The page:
On the eve of the vote deciding whether to make the Commonwealth of Australia a republic, Coralie Mulholland has made her choice.
"There are too many unanswered questions" in the republic model on offer to voters, she says in a shopping mall in the suburb of Parramatta. "And when you ring your member [of Parliament] to ask, they don't know."
She is unimpressed when the republicans say that some of the changes being proposed "won't make any difference." She asks, "Well, if it won't make any difference, why are they doing it?"
This kind of credibility gap is making it appear all but certain that tomorrow's referendum will not pass and the monarchy will remain. For many Australians, the real contest to watch this weekend will be the Rugby World Cup final between their national team and France.
The referendum once looked as if it were going to be about how Australia would adapt its Constitution to reflect the realities of a new, multicultural society in time to mark the centennial of its 1901 federation. There were even visions of opening the 2000 Sydney Olympics with an Australian head of state.
But now the story seems to be about a people whose skepticism toward authority is deeply ingrained, leading them to stick with a distant foreign monarch rather than accept an arrangement in which their president would be chosen by their own Parliament.
Those holding out for a particular kind of republic not on the ballot - one in which the president is popularly elected - have forged a tactical alliance with monarchy advocates and others whose motto is, "If it ain't broke, don't fix it."
The House of Windsor has rarely been mentioned in the republic debate in recent months. As Mrs. Mulholland observes, "The monarchy hasn't done much to endear themselves lately." A Newspoll survey for the Daily Telegraph this week found that of "no" voters, only 9 percent are motivated primarily by the desire to retain Queen Elizabeth II as head of state. By contrast, 45 percent plan to vote "no" because they are satisfied with the current system, and another 33 percent share Mulholland's concerns about too much uncertainty over the proposed republic model.
For many advocates of change, the current arrangement whereby the queen appoints a governor-general to serve as her representative is an anachronism in today's multicultural Australia - and a sign of a country not quite full-grown. One young Sydneysider who is mortified at the prospect of the "no" side prevailing on Saturday laments, "It's like being 18 years old and being unable to go away to university."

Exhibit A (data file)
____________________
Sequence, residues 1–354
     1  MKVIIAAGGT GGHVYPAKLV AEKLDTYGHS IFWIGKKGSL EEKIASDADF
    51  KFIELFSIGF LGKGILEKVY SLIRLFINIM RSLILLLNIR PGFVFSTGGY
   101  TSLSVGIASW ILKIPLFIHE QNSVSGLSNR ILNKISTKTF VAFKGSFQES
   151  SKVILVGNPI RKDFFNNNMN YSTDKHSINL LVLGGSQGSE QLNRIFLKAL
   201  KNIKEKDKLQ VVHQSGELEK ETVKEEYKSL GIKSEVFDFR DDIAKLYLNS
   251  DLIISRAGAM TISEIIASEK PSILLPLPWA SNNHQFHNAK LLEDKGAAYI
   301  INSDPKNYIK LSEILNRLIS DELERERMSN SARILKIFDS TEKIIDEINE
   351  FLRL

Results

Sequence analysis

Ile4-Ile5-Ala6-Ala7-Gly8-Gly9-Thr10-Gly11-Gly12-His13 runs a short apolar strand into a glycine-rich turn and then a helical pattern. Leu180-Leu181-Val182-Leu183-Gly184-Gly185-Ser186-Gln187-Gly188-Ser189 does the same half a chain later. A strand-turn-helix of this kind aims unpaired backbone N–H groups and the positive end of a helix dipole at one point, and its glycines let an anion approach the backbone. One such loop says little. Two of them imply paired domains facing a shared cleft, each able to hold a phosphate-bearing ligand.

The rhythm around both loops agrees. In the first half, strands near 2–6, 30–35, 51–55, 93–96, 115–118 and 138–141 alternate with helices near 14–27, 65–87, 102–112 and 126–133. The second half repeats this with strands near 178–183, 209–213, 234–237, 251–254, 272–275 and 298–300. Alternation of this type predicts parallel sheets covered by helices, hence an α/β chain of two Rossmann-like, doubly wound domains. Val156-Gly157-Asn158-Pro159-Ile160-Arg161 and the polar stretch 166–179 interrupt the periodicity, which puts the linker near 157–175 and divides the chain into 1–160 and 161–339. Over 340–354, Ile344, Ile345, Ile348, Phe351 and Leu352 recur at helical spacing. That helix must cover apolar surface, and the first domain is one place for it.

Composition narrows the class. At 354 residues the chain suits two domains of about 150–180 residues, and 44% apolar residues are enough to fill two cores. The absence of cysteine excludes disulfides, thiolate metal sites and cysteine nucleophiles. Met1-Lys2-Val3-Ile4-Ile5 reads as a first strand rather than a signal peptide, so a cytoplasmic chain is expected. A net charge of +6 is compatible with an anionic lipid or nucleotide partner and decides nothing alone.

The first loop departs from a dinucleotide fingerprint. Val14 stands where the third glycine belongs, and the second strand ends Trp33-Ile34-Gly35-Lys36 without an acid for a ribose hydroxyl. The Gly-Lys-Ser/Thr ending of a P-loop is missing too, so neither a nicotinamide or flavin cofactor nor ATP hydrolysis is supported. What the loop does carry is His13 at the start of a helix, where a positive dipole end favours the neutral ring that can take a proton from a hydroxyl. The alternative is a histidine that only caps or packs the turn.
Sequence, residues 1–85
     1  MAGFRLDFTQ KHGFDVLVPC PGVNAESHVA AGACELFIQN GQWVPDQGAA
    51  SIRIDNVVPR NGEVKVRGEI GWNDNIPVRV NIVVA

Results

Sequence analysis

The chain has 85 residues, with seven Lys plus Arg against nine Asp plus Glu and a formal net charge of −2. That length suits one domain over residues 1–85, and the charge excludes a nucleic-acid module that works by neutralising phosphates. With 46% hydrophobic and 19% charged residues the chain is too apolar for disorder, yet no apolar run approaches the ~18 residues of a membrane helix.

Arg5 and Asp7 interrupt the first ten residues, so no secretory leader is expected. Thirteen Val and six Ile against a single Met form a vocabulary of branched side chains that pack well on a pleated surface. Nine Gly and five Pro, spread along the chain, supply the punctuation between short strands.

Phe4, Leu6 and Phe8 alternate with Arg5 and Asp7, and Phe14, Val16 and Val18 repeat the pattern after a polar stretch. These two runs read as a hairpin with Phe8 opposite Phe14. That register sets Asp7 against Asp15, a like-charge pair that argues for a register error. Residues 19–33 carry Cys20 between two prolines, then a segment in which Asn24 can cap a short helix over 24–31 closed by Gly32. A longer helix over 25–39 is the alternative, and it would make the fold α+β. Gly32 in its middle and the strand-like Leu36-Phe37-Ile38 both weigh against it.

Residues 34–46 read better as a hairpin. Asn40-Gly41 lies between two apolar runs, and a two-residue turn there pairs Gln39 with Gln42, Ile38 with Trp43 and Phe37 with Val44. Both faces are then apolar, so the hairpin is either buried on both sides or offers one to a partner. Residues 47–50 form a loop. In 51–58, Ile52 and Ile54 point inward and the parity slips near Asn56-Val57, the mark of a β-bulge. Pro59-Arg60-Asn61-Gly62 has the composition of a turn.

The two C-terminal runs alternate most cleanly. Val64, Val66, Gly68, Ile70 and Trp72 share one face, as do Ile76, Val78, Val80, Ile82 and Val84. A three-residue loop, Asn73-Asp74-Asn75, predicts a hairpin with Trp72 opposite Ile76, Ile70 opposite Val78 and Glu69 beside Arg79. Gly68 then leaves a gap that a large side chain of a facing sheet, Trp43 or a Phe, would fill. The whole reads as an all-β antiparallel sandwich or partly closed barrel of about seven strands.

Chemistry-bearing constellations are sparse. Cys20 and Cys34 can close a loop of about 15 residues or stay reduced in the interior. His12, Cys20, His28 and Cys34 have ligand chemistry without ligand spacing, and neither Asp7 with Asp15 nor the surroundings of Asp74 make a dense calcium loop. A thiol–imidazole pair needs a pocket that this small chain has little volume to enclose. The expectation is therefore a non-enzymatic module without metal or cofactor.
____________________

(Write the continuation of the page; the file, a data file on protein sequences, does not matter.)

But for constitutional conservatives like Dame Leonie Kramer, chancellor of the University of Sydney, the notion of a sort of national adolescence to be grown out of, or "apron strings" to be cut, is absurd. Moreover, conservatives tend to be put off by professions of a need for "national identity."
"All this self-conscious going-on about kangaroos and koalas ... reduces Australian-ness to a pretty low level," says Dame Leonie.
To pass, a referendum needs a double majority: a national majority of voters overall, and a majority of voters in a majority of states, four out of the six. It's a high hurdle that's been cleared only eight times since 1901. The current referendum proposal has grown out of a commitment Prime Minister John Howard, a monarchist, made during the 1996 election campaign. To neutralize constitutional reform as an issue, he promised to hold a constitutional convention. The convention met in February 1998 and produced the proposal for a republic, including a president chosen by Parliament.
Mr. Howard has been openly campaigning against the referendum, however. Donald Horne, the historian whose 1964 book "The Lucky Country" made one of the first calls for Australia to become a republic, blasts as "a political failure" the fact that the voters will not be given the one option he feels they would really like to support, namely a directly elected president. Many republicans blame the prime minister of ruining a historic opportunity.
"Australia has been changing quite rapidly in the way it defines itself, since the late 1960s and early 1970s, with acknowledgment of Aboriginal rights and acknowledgment of its place in Asia," says Professor Horne.
"I believe that when the right combination of political circumstances is in place, the question [of a republic] can be put to the people in a sensible form."
As both he and Dame Leonie point out, the present Constitution took 12 years to work out.
But time is not on the monarchists' side, as even they realize, and discussion is beginning to shift to the period after Howard is out of office.
Michael, for instance, a young bank employee enjoying the noon sunshine in First Fleet Park in downtown Sydney, says he will support the monarchists: "I like the queen; I feel an affinity for England." But he adds that after the vote, "there will be some soul-searching to see what Australia really wants."
(c) Copyright 1999. The Christian Science Publishing Society